Smitwick, Sorrey and Keys

Trip Start Jan 25, 2010
Trip End Jun 09, 2010

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Where I stayed
Erin's Apartment

Flag of Ireland  , Western Ireland,
Wednesday, January 27, 2010

So it's our second day in Ireland and it was a very relaxed day. Ashley and I woke up at a decent hour (although it took quite a bit of prodding, poking and pushing on Ashley's part to get me off of the couch) and decided to explore the town while Erin and her roommates were in class. We walked Shop Street again and Ashley bought herself and Irish sweater which again, was something on her list. I think maybe tomorrow I'll upload the list of things that we want to do while in Europe so you understand what I am talking about and I'll gradually cross them out as we complete them. It'll make me feel accomplished. 

Anyway, we ended up wandering toward a church and I believe it to be St. Nicholas' Church, which was dedicated to St. Nicholas, the patron saint of seafarers. We didn't go in as mass was happening at the time (I don't know why Mass is on a Wednesday, but it is). We then kept randomly walking, in an attempt to get lost. I found this to be quite enjoyable and I highly recommend it to anyone and everyone. Get a map of the city, bring some money just in case and get yourself lost. When you are ready to go back, try to navigate on your own, ask the locals for help with your map and if need be, hail a cab to bring you to a familiar location. In our wanderings, we found Erin's University, the National University of Galway or Ollscoil na h…ireann, Gaillimh or O… Gaillimh in Gaelic. The university was very pretty-- very aged and covered in vines. We walked the campus and sat down in front of the library and we watched people. We played a game for a bit trying to guess who was American and who was Irish and sometimes we were successful.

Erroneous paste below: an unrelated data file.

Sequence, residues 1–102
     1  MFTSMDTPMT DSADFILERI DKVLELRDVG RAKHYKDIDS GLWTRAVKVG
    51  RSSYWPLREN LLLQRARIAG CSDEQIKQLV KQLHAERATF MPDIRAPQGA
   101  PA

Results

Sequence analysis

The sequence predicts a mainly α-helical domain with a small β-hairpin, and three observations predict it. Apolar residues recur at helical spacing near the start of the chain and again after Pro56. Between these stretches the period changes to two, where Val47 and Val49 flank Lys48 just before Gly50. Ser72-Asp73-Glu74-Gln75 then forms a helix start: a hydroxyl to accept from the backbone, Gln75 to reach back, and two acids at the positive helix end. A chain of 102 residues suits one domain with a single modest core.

After we wandered back toward Shop to get some grub at a Creperie that we found. We ended up only getting hot chocolate but it was the best damn hot chocolate I have ever had. Europeans know how to make hot chocolate. None of that powdered sugar and water. It was like melted hot chocolate with some spice and marshmellows. It was delicious. The waiter was really nice and we got to eat outside and listen to a man sing opera in the street in front of a shop. It was both a surreal and pleasant experience. Speaking of street performers, they are everywhere and they are generally good. I have seen the lute, opera singing, guitars and drums.